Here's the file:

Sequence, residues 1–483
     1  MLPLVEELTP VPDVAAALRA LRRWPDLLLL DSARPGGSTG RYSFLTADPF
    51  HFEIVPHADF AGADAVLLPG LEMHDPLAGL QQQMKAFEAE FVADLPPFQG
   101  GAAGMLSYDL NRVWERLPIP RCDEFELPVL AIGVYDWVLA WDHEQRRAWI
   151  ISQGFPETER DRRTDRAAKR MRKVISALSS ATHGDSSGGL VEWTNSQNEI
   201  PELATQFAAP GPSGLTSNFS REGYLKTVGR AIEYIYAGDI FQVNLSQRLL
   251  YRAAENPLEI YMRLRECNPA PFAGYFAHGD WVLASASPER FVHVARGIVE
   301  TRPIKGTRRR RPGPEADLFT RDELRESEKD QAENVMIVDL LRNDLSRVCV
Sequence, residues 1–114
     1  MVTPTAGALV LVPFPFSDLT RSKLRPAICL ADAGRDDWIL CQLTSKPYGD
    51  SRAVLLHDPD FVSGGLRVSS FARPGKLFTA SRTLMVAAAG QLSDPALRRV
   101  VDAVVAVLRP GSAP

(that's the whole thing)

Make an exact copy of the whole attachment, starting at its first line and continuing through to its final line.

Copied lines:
Sequence, residues 1–483
     1  MLPLVEELTP VPDVAAALRA LRRWPDLLLL DSARPGGSTG RYSFLTADPF
    51  HFEIVPHADF AGADAVLLPG LEMHDPLAGL QQQMKAFEAE FVADLPPFQG
   101  GAAGMLSYDL NRVWERLPIP RCDEFELPVL AIGVYDWVLA WDHEQRRAWI
   151  ISQGFPETER DRRTDRAAKR MRKVISALSS ATHGDSSGGL VEWTNSQNEI
   201  PELATQFAAP GPSGLTSNFS REGYLKTVGR AIEYIYAGDI FQVNLSQRLL
   251  YRAAENPLEI YMRLRECNPA PFAGYFAHGD WVLASASPER FVHVARGIVE
   301  TRPIKGTRRR RPGPEADLFT RDELRESEKD QAENVMIVDL LRNDLSRVCV
Sequence, residues 1–114
     1  MVTPTAGALV LVPFPFSDLT RSKLRPAICL ADAGRDDWIL CQLTSKPYGD
    51  SRAVLLHDPD FVSGGLRVSS FARPGKLFTA SRTLMVAAAG QLSDPALRRV
   101  VDAVVAVLRP GSAP